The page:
Camtasia Studio Tips

Camtasia is great software for recording audio/screen presentations.  Here are some tips and standards we've used: Recording Change the recording options to record to ''AVI format'' (the CAMREC format can lose audio/video sync over a long recording) Recorded movies should be 800x600 or less unless there is a specific reason to record larger.  Using the smallest capture size possible improves the readability and reduces the file size. All videos should start with an announcement of what is being demonstrated (e.g. "This is a demonstration of the Device Capture System introduced in Cashwise 3.7) Don't record the application window; set one of your screens to 800x600 and record the screen.  This ensures that any popup windows or menus remain within the recorded region. If recording other than the primary screen, select 'region' and select then entire alternate screen Hide any toolbars or other desktop clutter. Run a short test to be sure that

Web applications - now only 15 years behind!

It seems to me that web applications are finally approaching where "rich client" applications were in the late 90s. People are finally pooling together abstractions and forming UI toolkits around them.  What would be really great would be if we could skip 15 more years and stop using HTML altogether.

Down with whiners... Microsoft

I've pandered to, accommodated, supported, and even defended Microsoft for years now, but I'm through. To this point, they may have occasionally been the big bully, but more the special ed kid kind of bully than the vindictive Harvard graduate type. They've had a sort of unspoken culture of defensive litigation. Though they may have used some aggressive tactics, their overall approach has seemed to be: win the battle through providing better software. With their recent whining about how the open source world is stomping on all their B.S. patents, they have crossed the line. I don't like Microsoft any more. Go Linux! Go Mac!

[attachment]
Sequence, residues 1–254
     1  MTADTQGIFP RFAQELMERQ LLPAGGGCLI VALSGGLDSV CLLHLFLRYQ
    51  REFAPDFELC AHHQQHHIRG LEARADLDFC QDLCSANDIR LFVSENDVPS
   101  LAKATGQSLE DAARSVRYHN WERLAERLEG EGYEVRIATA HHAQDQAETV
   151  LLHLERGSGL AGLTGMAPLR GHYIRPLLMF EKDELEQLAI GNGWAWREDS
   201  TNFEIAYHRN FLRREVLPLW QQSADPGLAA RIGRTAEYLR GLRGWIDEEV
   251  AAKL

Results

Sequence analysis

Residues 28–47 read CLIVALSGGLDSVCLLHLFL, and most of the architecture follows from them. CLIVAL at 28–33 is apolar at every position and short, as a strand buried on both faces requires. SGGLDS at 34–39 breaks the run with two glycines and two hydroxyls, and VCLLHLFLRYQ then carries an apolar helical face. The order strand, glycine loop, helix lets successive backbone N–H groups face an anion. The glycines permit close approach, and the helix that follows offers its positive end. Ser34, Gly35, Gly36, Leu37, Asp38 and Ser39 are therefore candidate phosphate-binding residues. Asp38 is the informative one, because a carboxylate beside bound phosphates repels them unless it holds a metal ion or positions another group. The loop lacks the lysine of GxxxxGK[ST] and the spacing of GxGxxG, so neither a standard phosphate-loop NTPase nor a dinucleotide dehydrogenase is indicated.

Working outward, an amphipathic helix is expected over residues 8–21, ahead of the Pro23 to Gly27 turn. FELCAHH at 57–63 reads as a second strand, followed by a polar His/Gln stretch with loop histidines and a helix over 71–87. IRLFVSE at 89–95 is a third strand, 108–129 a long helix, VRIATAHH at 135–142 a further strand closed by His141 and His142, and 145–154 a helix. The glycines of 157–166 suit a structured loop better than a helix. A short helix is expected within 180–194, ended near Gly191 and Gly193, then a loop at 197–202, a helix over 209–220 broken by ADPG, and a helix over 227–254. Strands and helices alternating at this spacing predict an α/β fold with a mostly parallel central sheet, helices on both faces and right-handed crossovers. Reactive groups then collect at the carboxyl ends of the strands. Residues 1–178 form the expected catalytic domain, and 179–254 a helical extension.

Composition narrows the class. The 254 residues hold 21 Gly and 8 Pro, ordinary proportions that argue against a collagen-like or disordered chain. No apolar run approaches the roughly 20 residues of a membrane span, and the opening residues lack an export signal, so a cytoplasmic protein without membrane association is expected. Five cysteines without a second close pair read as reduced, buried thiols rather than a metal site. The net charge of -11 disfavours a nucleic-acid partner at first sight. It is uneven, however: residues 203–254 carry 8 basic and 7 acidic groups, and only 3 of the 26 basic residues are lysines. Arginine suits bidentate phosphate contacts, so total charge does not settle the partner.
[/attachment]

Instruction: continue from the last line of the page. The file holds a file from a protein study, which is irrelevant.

Needed: voice tracking webcam

We recently acquired Logitech's motion tracking webcam in order to better capture presentations, discussions, and training sessions. In case you are interested, the camera is the Logitech QuickCam Orbit MP . The camera does what it advertises and does so pretty well.  As the presenter moves around, the camera keeps the person within the field of view.  As an aside I was a little surprised by the fact that this camera moves in small jolts rather than in a smooth manner.  Though the resulting video doesn't feel very professional, I would rather have this behavior that see constant movement as the system tries to decide where to point.  Perhaps with sufficiently sophisticated software, a gradual movement system would be better. Where the camera doesn't do as well is when more than one person is involved.  The camera basically seems to track the "biggest" movement, so in a presentation setting, if one person walks away from the center of the action, the camera basic